Obama: No Decision On Syria
President Barack Obama said Wednesday he has not made a decision about action against Syria, and stressed he has "no interest" in "any kind of open-ended conflict" there.
In an exclusive interview with PBS NewsHour co-anchors Gwen Ifill and Judy Woodruff, Mr. Obama said:
So what I've said is that we have not yet made a decision, but the international norm against the use of chemical weapons needs to be kept in place. And nobody disputes -- or hardly anybody disputes that chemical weapons were used on a large scale in Syria against civilian populations.
We have looked at all the evidence, and we do not believe the opposition possessed nuclear weapons on -- or chemical weapons of that sort. We do not believe that, given the delivery systems, using rockets, that the opposition could have carried out these attacks. We have concluded that the Syrian government in fact carried these out. And if that's so, then there need to be international consequences.
So we are consulting with our allies. We're consulting with the international community. And you know, I have no interest in any kind of open-ended conflict in Syria, but we do have to make sure that when countries break international norms on weapons like chemical weapons that could threaten us, that they are held accountable.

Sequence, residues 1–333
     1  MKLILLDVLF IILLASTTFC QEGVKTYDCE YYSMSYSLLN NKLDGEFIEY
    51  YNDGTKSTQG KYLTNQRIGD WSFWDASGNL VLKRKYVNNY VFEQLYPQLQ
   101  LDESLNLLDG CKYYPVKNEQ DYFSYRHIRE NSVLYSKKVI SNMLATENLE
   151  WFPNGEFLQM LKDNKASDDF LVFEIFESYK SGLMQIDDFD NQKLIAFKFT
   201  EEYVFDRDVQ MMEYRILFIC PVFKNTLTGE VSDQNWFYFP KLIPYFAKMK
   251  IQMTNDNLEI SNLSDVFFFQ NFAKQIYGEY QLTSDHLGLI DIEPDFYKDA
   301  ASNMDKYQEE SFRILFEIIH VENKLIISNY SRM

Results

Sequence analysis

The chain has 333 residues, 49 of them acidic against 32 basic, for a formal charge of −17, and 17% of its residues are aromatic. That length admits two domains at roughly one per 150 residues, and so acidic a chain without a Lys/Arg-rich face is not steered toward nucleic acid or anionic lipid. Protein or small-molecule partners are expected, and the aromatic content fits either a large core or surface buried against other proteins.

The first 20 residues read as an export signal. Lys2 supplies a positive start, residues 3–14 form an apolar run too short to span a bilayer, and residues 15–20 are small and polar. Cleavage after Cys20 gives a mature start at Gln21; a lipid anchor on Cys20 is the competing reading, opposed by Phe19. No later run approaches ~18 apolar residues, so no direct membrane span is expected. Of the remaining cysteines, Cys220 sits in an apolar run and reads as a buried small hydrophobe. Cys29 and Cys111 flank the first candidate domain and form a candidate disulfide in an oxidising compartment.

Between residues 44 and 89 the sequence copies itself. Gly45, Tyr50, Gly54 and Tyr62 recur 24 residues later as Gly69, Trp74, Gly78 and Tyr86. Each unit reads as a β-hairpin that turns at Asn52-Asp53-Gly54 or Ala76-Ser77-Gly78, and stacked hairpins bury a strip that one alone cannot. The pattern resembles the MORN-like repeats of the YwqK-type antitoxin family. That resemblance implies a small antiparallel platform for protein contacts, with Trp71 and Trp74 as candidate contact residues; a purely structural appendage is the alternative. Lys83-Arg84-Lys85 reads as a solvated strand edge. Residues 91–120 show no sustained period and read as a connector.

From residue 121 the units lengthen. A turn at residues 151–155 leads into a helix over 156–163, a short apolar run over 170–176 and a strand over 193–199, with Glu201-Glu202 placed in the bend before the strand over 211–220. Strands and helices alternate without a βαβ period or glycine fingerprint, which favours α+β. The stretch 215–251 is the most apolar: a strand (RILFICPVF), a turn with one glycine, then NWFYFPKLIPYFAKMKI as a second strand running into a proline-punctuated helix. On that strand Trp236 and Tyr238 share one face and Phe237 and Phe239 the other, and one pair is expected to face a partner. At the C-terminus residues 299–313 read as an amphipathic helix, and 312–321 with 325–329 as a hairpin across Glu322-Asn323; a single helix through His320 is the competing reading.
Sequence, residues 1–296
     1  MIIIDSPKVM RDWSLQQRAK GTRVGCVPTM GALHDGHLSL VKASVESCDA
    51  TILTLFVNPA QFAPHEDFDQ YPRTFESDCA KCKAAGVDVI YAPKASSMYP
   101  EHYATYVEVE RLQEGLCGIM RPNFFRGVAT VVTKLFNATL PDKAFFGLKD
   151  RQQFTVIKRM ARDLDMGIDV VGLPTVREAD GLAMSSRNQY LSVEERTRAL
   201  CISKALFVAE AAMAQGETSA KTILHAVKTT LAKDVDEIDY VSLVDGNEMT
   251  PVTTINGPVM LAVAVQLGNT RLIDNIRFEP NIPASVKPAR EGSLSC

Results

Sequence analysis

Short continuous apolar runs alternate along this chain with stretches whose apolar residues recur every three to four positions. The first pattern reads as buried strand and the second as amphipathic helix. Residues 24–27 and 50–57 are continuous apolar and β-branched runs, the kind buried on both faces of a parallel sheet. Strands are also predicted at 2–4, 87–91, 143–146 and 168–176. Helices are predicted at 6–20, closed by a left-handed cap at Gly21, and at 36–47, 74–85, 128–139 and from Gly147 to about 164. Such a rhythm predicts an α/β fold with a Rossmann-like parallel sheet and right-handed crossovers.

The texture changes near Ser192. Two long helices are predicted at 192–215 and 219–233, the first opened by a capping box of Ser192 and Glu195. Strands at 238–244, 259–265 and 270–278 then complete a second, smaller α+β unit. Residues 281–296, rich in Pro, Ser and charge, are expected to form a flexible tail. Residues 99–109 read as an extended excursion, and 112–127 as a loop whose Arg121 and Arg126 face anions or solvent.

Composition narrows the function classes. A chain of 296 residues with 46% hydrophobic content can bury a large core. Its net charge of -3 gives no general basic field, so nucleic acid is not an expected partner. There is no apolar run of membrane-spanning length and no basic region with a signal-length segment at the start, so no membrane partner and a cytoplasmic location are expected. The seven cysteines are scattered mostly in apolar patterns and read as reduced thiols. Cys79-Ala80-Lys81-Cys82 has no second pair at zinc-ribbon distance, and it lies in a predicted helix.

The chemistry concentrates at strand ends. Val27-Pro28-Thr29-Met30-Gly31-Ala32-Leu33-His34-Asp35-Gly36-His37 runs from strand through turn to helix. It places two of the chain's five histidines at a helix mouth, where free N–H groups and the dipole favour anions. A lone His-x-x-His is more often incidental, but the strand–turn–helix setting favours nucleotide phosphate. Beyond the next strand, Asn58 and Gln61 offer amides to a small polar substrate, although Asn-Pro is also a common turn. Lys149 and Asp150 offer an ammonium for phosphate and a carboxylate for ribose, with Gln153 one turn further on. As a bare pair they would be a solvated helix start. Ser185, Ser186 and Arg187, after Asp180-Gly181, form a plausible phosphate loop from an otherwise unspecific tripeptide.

Asked why chemical weapons use has pushed the situation to the brink, given more than 100,000 killed and 2 million refugees, Mr. Obama said the situation has been "heartbreaking."
"...[W]hen you start talking about chemical weapons in a country that has the largest stockpile of chemical weapons in the world, where over time, their control over chemical weapons may erode, where they're allied to known terrorist organizations that, in the past, have targeted the United States, then there is a prospect, a possibility, in which chemical weapons that can have devastating effects could be directed at us. And we want to make sure that that does not happen," he said.
The president also reflected on the historic day in Washington and the speech he'd just concluded at the Lincoln Memorial to mark the 50th anniversary of the "I Have a Dream" speech.
"It is as important a day as any in our history," Mr. Obama said.
The 27-minute interview touched on issues of economic equality, his second-term agenda and his hopes for what Congress will do following the Supreme Court's action on the Voting Rights Act.